R v Kevork,  OJ No 926 (H.C.J.), 1984 CanLII 3455 (ON SC), per Ewaschuk J ("In my opinion, a statement by Crown counsel, whether oral or in writing of the alleged material facts of the charges should provide sufficient evidence upon which a justice may act as a bail hearing.")
- John, supra (" In certain cases, which may be few in number, protection of liberty requires the defence demand oral evidence and a meaningful opportunity for cross-examination")
Types of Evidence
- Documentary Evidence
A prior criminal record is admissible as well as any acquittals on similar charges.
- Audio Evidence
A telephone calls alleged to be made by the accused are admissible without proof of voice identification.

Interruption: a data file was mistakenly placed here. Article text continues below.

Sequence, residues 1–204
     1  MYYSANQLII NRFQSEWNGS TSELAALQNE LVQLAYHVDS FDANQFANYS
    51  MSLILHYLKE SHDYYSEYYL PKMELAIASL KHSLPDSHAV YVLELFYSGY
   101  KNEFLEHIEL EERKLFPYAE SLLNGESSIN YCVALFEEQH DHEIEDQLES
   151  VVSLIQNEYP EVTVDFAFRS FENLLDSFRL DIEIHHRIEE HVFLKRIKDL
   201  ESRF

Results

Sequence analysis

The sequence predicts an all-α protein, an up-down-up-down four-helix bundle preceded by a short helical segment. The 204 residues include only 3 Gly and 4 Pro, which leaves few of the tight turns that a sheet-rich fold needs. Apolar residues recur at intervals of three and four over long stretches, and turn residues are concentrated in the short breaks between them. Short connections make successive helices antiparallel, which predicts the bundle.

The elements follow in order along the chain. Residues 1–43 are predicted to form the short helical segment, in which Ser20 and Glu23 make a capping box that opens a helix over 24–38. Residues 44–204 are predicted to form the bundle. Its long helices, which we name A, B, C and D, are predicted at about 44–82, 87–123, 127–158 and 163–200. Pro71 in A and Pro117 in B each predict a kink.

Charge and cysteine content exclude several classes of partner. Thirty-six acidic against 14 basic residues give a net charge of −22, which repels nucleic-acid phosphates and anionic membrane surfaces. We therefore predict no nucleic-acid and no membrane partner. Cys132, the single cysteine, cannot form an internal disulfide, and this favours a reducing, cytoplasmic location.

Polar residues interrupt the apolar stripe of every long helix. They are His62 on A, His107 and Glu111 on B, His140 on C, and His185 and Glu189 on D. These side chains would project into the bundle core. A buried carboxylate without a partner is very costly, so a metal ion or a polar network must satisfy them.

- Wiretap Evidence
Evidence from a intercepted communications (i.e. wiretaps) can be admitted without notice.
- News and Publications
A bail court may consider news clipping and articles as a manner of reflecting certain segments of the Canadian public.
- R v Larsen (1976) 34 CRNS 399 (BCSC)(*no CanLII links)
- R v Lesage (1975) 25 CCC (2d) 173, 1975 CanLII 1315 (QC CQ), per LaGarde J
R v Ghany, 2006 CanLII 24454 (ON SC), at para 60
R v Kevork (No. 2) (1984) 12 CCC (3d) 339, 1984 CanLII 3455 (ON SC), per Ewaschuk J